Mr. Speaker, I rise in the House today to paraphrase the Toronto Star columnist Jim Travers who wrote that while the U.S. fist-shaking at Saddam Hussein successfully masks more pressing problems, including a flagging domestic economy, escalating violence in Israel and Palestine and the failure in effectively prosecuting the war on terrorism, violence is not the answer.
No matter how hard the Pentagon tries to reposition war as a bloodless video game, it will have inescapable consequences. Soldiers will die, civilian losses will be coldly counted as collateral damage and an unstable region will rearrange itself in ways that defy forecasts or logic.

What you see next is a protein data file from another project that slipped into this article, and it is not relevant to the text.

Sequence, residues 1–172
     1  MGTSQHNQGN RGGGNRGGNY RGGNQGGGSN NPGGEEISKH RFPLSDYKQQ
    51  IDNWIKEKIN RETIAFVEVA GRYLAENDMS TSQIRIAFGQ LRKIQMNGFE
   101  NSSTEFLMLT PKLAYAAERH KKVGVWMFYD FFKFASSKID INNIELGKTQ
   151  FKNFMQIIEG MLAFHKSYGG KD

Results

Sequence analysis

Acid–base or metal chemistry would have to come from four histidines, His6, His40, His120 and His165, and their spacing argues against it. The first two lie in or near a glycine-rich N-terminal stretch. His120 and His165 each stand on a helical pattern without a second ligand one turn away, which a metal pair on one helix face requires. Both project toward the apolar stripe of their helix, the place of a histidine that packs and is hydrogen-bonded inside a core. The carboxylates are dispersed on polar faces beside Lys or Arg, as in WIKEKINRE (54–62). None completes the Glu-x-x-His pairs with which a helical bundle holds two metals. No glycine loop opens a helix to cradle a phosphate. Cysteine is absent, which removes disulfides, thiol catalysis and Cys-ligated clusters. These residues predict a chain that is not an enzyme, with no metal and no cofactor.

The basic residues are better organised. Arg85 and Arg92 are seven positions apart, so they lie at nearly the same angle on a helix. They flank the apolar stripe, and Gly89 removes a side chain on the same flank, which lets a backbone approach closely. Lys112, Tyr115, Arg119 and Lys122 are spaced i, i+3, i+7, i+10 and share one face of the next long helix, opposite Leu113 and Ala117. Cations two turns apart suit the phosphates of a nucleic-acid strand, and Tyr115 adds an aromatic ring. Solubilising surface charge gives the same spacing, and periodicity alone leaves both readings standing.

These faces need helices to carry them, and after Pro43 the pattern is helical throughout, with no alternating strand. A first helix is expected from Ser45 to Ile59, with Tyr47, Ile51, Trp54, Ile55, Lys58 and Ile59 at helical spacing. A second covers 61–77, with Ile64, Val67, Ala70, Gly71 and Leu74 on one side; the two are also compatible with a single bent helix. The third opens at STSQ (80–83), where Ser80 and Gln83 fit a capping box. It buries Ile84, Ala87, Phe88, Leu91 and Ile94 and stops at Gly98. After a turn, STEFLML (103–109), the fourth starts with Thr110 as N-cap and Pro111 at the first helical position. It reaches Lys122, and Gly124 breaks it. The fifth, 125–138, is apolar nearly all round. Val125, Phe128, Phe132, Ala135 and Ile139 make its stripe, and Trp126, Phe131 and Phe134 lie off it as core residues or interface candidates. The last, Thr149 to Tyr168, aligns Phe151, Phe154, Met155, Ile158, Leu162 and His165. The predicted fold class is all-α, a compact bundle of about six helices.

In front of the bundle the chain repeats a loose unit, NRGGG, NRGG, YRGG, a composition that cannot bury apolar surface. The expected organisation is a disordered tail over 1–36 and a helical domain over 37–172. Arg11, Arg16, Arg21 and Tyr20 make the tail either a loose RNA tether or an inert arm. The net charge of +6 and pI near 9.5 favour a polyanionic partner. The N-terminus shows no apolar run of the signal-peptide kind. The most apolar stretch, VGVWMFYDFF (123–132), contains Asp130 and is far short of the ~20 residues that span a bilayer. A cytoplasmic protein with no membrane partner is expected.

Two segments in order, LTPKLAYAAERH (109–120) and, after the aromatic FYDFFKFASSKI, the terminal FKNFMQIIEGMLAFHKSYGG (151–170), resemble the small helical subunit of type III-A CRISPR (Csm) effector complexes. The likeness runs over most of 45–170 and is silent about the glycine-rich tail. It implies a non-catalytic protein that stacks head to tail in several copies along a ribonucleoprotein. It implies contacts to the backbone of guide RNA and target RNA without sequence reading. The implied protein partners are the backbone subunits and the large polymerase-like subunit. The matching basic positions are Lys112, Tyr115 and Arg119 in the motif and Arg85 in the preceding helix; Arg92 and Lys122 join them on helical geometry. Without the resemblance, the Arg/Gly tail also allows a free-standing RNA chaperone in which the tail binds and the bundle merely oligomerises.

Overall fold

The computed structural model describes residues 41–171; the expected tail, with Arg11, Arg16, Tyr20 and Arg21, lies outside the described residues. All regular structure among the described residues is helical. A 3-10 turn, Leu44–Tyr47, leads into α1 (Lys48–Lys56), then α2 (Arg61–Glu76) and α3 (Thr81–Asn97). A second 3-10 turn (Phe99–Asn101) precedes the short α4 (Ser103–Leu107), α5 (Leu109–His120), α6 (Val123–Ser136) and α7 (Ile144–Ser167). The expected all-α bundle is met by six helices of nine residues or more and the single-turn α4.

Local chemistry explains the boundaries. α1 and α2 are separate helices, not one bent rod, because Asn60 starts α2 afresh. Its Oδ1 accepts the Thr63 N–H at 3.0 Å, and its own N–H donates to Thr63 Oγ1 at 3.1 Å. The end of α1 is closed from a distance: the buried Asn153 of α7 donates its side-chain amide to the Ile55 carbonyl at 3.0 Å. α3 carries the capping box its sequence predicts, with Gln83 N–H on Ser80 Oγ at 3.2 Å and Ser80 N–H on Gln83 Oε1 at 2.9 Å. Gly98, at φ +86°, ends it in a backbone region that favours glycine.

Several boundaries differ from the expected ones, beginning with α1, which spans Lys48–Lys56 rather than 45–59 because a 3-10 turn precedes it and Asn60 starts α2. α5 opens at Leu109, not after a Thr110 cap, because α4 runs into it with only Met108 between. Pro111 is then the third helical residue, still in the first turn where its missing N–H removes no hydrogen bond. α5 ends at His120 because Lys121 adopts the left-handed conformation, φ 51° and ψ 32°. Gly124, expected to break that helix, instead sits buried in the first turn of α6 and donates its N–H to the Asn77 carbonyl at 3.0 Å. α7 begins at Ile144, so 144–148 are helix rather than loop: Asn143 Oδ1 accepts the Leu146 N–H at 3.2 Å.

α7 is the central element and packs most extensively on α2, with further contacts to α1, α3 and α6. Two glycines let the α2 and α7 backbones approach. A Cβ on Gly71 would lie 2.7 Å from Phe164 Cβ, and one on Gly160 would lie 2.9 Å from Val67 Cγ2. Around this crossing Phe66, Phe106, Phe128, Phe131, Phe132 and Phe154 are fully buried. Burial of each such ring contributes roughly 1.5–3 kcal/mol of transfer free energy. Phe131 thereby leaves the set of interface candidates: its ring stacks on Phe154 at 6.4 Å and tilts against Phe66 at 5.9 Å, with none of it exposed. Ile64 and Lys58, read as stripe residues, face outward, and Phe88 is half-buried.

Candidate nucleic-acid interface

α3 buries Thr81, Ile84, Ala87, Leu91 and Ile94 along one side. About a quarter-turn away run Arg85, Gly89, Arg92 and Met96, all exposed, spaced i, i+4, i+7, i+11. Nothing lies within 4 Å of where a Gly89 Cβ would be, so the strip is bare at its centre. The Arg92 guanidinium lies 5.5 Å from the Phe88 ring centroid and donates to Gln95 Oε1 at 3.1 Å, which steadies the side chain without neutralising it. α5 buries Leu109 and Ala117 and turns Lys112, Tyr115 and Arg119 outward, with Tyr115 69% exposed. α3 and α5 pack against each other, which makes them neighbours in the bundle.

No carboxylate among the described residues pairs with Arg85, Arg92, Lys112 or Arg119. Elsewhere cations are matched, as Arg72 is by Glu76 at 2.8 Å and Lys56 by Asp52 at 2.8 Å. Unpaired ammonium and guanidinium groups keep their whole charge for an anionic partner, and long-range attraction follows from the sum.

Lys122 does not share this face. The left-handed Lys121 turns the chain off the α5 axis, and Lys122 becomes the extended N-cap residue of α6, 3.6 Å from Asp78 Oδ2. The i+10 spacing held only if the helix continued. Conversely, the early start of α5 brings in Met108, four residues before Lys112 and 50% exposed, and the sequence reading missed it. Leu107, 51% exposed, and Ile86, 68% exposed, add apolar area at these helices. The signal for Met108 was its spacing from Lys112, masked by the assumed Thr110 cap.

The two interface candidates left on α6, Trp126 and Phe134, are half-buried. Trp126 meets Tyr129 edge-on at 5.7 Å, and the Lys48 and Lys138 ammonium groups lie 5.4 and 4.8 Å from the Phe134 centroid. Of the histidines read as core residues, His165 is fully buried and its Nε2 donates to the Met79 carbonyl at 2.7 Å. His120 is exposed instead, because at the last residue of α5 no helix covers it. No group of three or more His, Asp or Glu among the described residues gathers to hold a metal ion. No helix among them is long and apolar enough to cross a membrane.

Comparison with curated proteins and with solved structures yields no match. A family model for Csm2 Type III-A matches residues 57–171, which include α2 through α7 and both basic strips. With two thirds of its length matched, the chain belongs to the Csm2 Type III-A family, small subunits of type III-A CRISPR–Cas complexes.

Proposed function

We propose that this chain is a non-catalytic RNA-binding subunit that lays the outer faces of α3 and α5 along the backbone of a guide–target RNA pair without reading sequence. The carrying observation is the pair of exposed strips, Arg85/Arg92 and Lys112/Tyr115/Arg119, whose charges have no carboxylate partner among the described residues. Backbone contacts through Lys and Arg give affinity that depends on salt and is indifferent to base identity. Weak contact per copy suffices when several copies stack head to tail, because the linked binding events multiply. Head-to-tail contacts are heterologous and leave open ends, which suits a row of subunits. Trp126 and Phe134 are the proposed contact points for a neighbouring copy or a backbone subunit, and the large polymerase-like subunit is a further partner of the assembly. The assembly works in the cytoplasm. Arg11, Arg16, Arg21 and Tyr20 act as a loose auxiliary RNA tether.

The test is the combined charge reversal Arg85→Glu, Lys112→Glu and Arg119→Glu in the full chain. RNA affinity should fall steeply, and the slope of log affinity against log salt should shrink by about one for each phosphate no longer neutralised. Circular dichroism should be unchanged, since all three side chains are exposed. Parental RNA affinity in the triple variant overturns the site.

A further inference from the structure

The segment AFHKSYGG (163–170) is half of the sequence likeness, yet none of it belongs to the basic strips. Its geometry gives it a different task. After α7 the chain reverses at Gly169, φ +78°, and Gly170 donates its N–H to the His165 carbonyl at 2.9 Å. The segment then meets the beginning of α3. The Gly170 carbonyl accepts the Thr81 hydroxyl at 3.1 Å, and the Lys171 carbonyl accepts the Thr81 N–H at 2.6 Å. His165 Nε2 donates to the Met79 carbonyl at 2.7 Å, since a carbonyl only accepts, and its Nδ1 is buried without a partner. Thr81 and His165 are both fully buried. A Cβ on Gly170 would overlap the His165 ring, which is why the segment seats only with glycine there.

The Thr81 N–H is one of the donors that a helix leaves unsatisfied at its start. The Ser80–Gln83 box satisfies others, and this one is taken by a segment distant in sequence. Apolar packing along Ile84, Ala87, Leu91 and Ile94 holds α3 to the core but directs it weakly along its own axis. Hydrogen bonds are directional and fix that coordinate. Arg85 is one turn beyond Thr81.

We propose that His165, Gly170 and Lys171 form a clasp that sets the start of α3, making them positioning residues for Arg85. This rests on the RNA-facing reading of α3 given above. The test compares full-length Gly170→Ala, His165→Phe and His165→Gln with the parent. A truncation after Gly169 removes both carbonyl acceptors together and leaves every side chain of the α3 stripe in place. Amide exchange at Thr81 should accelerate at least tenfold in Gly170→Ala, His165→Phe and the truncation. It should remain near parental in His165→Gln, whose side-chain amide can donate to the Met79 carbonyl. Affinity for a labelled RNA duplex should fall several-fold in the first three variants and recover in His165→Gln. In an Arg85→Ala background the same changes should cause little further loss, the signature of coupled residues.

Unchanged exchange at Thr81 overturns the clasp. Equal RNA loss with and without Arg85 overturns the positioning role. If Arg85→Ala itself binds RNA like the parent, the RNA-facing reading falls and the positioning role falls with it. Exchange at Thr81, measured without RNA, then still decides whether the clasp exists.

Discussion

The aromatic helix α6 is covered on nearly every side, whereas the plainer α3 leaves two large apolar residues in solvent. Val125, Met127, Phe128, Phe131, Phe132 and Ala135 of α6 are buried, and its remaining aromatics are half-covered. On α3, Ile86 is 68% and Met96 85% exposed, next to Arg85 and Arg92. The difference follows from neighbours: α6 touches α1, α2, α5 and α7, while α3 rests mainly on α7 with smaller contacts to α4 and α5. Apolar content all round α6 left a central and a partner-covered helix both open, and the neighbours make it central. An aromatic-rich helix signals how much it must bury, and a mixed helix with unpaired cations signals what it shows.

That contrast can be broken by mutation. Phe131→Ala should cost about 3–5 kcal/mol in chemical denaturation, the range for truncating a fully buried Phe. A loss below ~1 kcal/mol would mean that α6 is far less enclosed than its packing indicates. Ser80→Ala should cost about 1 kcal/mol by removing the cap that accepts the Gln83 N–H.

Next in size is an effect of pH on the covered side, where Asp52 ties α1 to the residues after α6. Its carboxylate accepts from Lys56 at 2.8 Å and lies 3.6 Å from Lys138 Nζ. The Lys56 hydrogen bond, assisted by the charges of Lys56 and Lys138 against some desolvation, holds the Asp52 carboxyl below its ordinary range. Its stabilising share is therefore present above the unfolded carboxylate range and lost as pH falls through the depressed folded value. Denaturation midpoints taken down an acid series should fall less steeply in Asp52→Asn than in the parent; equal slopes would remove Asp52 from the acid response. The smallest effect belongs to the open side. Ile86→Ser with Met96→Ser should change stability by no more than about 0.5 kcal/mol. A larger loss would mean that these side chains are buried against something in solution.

I appeal to the House and to the government to remain committed to a multilateral UN approach and to have real faith in democracy. There should be no declarations of war until and unless a binding vote is taken in the House. There are political costs to defying uncle Sam but war is no way to try to please a friend.